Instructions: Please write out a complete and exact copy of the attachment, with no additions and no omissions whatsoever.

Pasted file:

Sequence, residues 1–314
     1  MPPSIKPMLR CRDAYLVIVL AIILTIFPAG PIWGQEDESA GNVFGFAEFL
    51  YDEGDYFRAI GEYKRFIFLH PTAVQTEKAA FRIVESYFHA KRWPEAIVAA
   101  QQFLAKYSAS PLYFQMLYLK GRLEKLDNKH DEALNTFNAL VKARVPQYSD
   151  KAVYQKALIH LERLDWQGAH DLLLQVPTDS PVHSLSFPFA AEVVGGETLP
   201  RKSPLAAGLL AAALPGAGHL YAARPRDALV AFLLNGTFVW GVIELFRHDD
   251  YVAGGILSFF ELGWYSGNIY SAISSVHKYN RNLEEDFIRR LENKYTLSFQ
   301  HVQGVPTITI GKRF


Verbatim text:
Sequence, residues 1–314
     1  MPPSIKPMLR CRDAYLVIVL AIILTIFPAG PIWGQEDESA GNVFGFAEFL
    51  YDEGDYFRAI GEYKRFIFLH PTAVQTEKAA FRIVESYFHA KRWPEAIVAA
   101  QQFLAKYSAS PLYFQMLYLK GRLEKLDNKH DEALNTFNAL VKARVPQYSD
   151  KAVYQKALIH LERLDWQGAH DLLLQVPTDS PVHSLSFPFA AEVVGGETLP
   201  RKSPLAAGLL AAALPGAGHL YAARPRDALV AFLLNGTFVW GVIELFRHDD
   251  YVAGGILSFF ELGWYSGNIY SAISSVHKYN RNLEEDFIRR LENKYTLSFQ
   301  HVQGVPTITI GKRF